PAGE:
As some readers of this space may remember, I was very active in California’s 2010 redistricting process. I was a semifinalist for appointment to the new Citizens Redistricting Commission, attended many commission meetings with testimony, and even drew maps using the commission’s software. This input contributed to avoiding our state senate seat being shared with San Francisco, as in the past.
While the commission has received accolades for being a non-partisan solution to the political inequities from gerrymandering, in reality it did not turn out that way for California after 2010.
The commission is comprised of five Democrats, five Republicans and four members of other parties or independents, selected through a lengthy process administered by the office of the state auditor. Since all other parties except one (Libertarian) are left-leaning, the commission ended up being more aligned with the Democrats. Also, it turned out that several Democrat appointees were experienced activists or legal advocates, while the Republicans were less experienced and somewhat unassertive during the process.
While the resulting state and Congressional districts may have been better balanced than if drawn by the Democrat dominated legislature, in the end there really was not much difference.
Why this matters is that legislators in statehouses nationwide can (and have) chosen their voters through this process every 10 years, rather than the voters choosing their legislators. This incumbent protection has enabled legislators to be more extreme on both sides of the political spectrum. This, in my opinion, is the single most dominant factor contributing to the political divide in our country. When you draw district lines to include as many of your supporters as possible, compromise is not needed, and entrenched positions are perpetuated. Compromise becomes a liability.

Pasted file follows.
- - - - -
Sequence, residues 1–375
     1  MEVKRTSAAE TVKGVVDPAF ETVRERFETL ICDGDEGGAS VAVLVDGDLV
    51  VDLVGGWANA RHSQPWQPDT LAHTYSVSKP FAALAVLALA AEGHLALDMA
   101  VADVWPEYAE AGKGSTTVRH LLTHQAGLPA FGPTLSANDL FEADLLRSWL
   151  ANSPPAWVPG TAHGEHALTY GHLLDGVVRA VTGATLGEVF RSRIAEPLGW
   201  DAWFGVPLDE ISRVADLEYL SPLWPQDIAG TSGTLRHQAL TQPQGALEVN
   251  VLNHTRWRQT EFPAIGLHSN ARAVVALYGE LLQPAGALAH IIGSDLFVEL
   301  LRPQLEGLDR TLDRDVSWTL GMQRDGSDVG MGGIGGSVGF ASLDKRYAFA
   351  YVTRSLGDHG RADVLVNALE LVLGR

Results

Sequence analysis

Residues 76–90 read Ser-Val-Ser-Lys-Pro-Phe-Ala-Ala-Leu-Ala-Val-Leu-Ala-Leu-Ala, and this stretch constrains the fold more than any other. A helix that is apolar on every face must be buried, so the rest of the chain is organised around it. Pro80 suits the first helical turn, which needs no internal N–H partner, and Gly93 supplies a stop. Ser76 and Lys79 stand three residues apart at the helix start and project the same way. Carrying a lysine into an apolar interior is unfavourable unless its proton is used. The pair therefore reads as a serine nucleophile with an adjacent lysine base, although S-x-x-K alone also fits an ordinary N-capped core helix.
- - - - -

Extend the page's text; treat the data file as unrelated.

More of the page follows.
The Supreme Court ruling last month removed the courts from participating in the solution to this problem. The decision simply says that while partisan voting districts pose a real threat to democracy, finding a fix is a political one and not a legal one.
While we could hope for a “magic bullet” from on high to come up with a process or formula to create fair one person-one vote districts, it would be virtually impossible.
This is especially true considering other practical and legal mandates. For example, by California constitutional law (if not in practice), districts should have equal populations, be contiguous, be geographically compact, respect cities, neighborhoods and communities of interest, and strive to create majority-minority districts in compliance with the voting rights act.
They are meant to ignore political parties and where incumbents live. There’s disappointment in the court’s decision in some sectors, but they did the only right and practical thing, as much as we would hope otherwise.
There is obviously little motivation by most state legislators to make changes, so there is rejoicing in many statehouses as we approach the post 2020 Census redistricting. It took the voter initiative process in California to attempt a fix, and there are now some form of commissions in about 20 states. A few are truly independent, while others are legislatively managed.
The selection process is underway now to appoint California’s new commission, with applications being accepted until Aug. 9. Given California’s political preferences, there is little hope for a more balanced outcome than in 2010, likely perpetuating the one party rule that we have in California.
Peter Van Meter is a longtime Sausalito resident and former city council member who has been active in a variety of civic activities and community organizations.
View Original Publication: Marin Independent Journal